Doctor of Philosophy (PhD)
The engineering of floating media biofilters has been optimized over the years. The backwashing process has made them more energy and water efficient. Likewise, moving bed bioreactors (MBBR) are gaining interest and popularity because they are relatively affordable to build. Yet, developing countries’ aquaculture production remains largely excluded from the advances made in recirculating aquaculture systems (RAS). This discrepancy is partially driven by the high costs of media such plastic beads and Kaldnes (KMT) media, commonly used in MBBR.
This dissertation evaluates the usability and profitability of rice hulls (RH), an abundant by-product in many developing nations, as a sinking biocarrier in a 3-phase filter system for low loading applications. The hulls have a shape, structure, and specific surface area of 1850 m2/m3,comparable to synthetic plastic “EN” beads used in PolyGeyser® tank filters. Yet, their production cost is negligible.
A lab experiment compared the TAN removal capacities of RH and EN media in a 3-phase reactor configuration, in ultra-oligotrophic, oligotrophic, and lower mesotrophic conditions. The RH displayed a volumetric TAN conversion rate (VTR) of 1025 g-N/m3, and the EN displayed a VTR of 1219 g-N/m3, proving RH to be a viable biocarrier. RH partially degraded after 18 days in the reactor, and were evacuated as sludge. Because of their small size and sinking properties, the RH also lack the clarifying abilities of other media such as EN of Kaldnes (KMT) media.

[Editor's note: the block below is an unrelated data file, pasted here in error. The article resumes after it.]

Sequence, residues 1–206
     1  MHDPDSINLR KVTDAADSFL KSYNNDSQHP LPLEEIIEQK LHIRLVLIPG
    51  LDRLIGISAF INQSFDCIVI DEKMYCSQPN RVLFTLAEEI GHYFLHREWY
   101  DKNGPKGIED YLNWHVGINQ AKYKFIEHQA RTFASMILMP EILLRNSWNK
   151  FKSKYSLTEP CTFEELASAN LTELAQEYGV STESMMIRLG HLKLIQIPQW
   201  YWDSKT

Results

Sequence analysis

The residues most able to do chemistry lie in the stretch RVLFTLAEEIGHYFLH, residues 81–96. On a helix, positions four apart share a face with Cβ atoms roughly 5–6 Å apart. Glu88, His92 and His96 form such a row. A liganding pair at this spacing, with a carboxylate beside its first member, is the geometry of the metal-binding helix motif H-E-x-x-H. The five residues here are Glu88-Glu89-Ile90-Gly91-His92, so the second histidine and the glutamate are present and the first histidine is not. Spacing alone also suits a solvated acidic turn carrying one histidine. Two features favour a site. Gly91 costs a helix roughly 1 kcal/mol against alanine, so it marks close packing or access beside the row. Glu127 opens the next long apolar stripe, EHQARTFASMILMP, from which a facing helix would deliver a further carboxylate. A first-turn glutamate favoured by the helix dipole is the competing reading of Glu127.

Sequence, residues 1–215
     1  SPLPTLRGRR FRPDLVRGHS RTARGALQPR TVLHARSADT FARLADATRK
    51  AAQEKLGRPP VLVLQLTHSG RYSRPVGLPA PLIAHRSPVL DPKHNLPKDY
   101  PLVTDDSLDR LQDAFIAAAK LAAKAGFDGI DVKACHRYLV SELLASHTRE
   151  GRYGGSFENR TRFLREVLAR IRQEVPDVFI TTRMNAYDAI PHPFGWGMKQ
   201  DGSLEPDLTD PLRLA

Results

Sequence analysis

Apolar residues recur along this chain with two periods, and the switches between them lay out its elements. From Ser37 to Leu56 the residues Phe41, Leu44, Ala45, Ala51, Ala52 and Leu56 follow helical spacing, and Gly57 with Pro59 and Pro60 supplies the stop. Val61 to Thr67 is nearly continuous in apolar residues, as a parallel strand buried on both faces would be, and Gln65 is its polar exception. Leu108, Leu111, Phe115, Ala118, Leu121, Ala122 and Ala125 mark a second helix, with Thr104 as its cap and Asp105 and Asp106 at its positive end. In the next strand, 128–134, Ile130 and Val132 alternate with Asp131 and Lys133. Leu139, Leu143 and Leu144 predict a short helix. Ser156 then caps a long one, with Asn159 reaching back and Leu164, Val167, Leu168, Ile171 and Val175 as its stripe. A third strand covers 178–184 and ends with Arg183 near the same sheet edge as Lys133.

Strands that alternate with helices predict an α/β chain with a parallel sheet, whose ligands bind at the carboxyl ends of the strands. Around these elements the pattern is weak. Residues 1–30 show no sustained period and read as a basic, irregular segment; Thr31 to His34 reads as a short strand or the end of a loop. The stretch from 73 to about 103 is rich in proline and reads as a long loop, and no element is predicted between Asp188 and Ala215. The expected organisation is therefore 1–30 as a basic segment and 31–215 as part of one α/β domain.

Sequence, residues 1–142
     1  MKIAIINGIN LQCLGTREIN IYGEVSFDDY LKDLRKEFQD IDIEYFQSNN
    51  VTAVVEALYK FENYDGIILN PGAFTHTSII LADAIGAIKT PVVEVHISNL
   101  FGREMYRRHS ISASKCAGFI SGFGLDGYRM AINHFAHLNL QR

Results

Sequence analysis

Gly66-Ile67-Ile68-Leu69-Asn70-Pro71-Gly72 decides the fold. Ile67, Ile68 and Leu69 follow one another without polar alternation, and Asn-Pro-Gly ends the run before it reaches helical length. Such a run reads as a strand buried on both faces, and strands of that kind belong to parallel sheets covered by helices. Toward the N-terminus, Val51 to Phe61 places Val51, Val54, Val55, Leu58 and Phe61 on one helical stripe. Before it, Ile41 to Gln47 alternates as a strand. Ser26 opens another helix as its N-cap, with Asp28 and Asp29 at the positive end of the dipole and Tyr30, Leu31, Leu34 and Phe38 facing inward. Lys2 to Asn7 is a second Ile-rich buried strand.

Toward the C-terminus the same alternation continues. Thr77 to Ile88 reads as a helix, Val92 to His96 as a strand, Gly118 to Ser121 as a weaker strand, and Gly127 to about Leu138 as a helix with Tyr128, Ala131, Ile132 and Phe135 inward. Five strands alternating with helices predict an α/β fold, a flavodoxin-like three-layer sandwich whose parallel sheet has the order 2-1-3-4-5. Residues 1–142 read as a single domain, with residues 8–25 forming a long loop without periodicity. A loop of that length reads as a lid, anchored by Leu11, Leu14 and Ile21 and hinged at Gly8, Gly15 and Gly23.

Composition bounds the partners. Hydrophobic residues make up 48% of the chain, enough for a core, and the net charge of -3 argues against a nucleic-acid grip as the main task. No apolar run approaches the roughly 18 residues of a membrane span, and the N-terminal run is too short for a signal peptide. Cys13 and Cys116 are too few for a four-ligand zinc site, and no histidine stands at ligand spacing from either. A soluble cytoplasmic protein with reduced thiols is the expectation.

A commercial-scale recirculating aquaculture system (RAS) with a RH bioreactor (RHBR) was designed for tilapia fingerling production, based on a conservative RH VTR of 700gN/m3. A cost analysis showed that ownership costs for a facility using this RAS were $0.11/lb. for fingerlings in the U.S. or Europe, and $0.06/lb. for a fingerling facility in a developing country with abundant availability of fish and rice. Operation, maintenance, and storage associated with media replacement are the major drivers of costs. A comparative analysis showed that while an RHBR is not significantly profitable in most western countries, it shows promising potential in rice-producing developing countries, allowing them to opt for a more affordable integration of modern biofiltration in their aquaculture industries.
Greensword, Marlon A., "Rice Hull Bioreactor for Recirculating Aquaculture" (2017). LSU Doctoral Dissertations. 4101.
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